The Santurantikuy market in Cusco, an Andean Christmas affair
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    The AMAUTA school offers activities on the evenings. It could be extra classes on different subjects, Spanish movies, salsa classes or you could learn to play the “kena” (peruvian flute) or the drums. In the same location as Amauta (which by the way means “profesor” in quechua, that you may also study here), the travel agency “Dos Manos” has its office. They arrange transfer and pick up from the airport (which is recommended, since there are many taxis hovering for new comers).

    The first day I visited AMAUTA, their agency Dos Manos arranged a guided tour of the city. We familarised ourselves of the town, went by the solar temple, the market of San Pedro…well here are some pics of that.

    My sweet Peruvian sisters also showed me around one day. They showed me their University and we went eating typical food.

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    Indigenous Languages

    Indigenous Languages With approximately 350 spoken languages, South America is one of the most linguistically diverse areas in the world. Before the first Europeans arrived in Latin America, there even were an estimated 1,500 languages spoken.The mayor native tongues are Quechua, with 7 million speakers in Peru and Bolivia and Guaraní with 4 million speakers in Paraguay and the north of Argentina. For example: the name of the waterfalls Iguazu comes from the Guaraní word ‘y ûasú’, which means ‘big water’. And in Quechua, an Incan language, the city name Cusco means The Navel of the World.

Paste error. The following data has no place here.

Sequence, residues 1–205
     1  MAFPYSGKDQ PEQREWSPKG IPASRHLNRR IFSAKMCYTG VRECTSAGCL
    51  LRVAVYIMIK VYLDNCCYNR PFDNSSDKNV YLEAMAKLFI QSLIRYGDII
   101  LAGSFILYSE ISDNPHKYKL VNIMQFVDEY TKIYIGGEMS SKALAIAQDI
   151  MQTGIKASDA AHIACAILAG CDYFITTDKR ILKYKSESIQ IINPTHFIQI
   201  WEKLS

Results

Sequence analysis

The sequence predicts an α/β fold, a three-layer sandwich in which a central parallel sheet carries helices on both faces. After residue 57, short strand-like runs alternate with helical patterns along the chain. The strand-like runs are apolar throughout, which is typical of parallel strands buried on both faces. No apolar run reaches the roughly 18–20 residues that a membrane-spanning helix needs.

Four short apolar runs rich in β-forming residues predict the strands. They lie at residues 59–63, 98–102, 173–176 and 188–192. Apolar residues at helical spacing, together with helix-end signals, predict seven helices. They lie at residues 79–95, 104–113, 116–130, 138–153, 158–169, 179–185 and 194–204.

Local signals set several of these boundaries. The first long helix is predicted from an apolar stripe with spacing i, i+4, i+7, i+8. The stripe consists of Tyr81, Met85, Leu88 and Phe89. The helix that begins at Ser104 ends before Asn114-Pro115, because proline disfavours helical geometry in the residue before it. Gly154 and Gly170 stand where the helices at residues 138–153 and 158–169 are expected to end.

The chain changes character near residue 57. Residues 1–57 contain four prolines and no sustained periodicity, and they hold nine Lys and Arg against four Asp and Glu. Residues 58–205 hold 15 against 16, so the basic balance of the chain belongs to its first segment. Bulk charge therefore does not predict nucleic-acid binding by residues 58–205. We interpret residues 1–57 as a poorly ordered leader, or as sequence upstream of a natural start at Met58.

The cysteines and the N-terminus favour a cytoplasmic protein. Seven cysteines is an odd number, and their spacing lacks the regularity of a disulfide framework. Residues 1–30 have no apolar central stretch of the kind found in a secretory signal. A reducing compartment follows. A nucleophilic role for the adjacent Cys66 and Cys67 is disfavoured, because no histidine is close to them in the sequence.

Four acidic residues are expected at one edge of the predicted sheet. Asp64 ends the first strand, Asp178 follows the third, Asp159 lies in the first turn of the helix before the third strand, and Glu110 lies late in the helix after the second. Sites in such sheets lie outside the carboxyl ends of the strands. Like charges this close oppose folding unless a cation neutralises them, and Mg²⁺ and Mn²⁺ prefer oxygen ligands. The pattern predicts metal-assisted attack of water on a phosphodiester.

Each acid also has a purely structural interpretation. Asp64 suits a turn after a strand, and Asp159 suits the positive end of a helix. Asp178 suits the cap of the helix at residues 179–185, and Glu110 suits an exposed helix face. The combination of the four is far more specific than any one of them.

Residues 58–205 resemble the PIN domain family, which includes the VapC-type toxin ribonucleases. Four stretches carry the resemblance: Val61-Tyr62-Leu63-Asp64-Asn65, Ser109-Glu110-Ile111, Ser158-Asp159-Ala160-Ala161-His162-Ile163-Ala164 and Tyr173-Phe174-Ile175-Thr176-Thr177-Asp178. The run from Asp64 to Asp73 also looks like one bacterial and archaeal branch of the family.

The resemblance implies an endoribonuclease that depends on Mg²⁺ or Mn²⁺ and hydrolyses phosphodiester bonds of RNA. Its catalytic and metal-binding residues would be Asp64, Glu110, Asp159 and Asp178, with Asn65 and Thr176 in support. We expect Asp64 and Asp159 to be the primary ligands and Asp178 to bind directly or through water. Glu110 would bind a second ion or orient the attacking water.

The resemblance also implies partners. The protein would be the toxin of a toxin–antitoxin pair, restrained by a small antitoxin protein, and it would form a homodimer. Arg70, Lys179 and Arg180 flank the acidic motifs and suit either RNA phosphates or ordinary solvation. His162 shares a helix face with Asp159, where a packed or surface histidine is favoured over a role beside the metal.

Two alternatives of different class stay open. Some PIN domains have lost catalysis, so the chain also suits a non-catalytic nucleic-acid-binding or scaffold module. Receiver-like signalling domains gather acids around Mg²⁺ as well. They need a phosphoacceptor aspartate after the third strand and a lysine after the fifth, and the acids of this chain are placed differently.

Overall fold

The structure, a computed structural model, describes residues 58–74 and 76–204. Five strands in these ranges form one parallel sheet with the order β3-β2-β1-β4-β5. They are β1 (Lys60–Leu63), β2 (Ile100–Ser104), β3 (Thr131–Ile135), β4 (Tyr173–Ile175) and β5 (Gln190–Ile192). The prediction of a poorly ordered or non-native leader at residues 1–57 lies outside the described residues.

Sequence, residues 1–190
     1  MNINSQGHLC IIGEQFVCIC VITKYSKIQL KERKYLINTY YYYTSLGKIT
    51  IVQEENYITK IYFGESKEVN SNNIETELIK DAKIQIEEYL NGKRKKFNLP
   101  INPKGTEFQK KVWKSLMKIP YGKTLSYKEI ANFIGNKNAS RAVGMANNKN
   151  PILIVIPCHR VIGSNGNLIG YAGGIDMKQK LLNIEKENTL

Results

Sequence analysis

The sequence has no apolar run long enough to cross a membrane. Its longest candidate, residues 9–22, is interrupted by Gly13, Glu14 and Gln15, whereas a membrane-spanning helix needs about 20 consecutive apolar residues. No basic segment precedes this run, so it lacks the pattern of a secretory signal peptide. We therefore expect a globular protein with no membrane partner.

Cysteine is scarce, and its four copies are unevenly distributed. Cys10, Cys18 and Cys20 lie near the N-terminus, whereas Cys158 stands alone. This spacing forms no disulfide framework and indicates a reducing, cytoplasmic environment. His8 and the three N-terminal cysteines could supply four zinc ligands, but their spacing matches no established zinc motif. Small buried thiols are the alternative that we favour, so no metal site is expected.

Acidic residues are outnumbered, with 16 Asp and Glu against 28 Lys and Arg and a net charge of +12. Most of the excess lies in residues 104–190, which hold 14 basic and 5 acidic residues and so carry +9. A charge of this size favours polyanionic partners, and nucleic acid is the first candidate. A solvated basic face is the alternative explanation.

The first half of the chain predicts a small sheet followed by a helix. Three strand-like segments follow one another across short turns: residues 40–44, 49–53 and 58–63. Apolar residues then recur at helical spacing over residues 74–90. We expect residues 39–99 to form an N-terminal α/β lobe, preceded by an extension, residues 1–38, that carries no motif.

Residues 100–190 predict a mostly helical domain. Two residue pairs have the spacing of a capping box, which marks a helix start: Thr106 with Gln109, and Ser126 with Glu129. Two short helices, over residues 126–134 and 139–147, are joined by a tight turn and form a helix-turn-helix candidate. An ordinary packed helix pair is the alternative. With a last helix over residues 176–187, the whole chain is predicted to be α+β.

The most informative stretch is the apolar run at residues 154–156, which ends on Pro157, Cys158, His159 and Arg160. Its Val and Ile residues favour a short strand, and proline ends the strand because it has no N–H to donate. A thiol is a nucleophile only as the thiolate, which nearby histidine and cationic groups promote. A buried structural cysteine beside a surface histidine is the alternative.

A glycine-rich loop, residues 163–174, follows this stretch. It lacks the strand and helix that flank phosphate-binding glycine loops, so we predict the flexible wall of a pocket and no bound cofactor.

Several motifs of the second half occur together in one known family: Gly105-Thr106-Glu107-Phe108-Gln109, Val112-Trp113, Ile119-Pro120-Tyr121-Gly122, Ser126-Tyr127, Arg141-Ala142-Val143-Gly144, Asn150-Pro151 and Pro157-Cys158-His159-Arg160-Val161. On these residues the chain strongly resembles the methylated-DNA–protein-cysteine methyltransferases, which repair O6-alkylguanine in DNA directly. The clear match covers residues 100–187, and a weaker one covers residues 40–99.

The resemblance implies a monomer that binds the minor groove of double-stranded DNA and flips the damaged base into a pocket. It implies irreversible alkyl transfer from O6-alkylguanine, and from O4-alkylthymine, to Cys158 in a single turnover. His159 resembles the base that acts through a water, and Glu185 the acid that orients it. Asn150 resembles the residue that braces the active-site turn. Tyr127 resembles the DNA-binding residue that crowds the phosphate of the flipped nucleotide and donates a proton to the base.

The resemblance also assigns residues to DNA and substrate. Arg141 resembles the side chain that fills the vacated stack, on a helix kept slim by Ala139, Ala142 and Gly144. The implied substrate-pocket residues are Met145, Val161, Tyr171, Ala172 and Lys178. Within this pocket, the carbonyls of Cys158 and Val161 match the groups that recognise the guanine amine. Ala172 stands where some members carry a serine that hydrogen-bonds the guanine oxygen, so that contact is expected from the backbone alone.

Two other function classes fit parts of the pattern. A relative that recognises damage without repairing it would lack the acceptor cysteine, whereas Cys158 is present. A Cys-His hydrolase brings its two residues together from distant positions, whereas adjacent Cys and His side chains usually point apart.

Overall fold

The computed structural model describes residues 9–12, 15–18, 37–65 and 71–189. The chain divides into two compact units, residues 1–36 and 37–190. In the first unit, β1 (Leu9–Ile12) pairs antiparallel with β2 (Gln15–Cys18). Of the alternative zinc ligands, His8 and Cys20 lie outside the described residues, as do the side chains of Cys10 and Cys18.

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  • Paucartambo, which means “flowered tavern” in Quechua, is situated in the district of Pasco in the south-east of Peru. It was right in the commercial route between Cusco, the capital of the great Inca Empire (Tawantinsuyo) and the Amazon valley Kosñipata. It is mostly known for the incredible sunrises that occur in the month of July.

    Between the 15th and 16th of July Paucartambo is also the place to be to celebrate the festivities of La Virgen del Carmen, also called Mamacha Carmen. There is a great gathering which initiates this great feast on the Plaza de Armas in this Andean Village where many music bands play and different choirs singing in Quechua, this way introducing beautiful choreographies which tell parts of Peru’s history.

    Paucartambo (más…)

    History of the Spanish language in America

    The pre-Hispanic American society was a conglomerate of different people and languages that politically turned to be part of the Spanish Empire under a common language. The American idiomatic diversity was so strong that some authors estimate that this continent is the most fragmented one in terms of linguistics, with about 123 language families, lots of those, in their turn, have tens or even hundreds of languages and dialects. Amongst these, it’s important to quote some of the main indigenous languages, in terms of speaking people and their contribution to Spanish language which are Náhuatl, Taíno, Maya, Quechua, Aymara, Guaraní and Mapuche.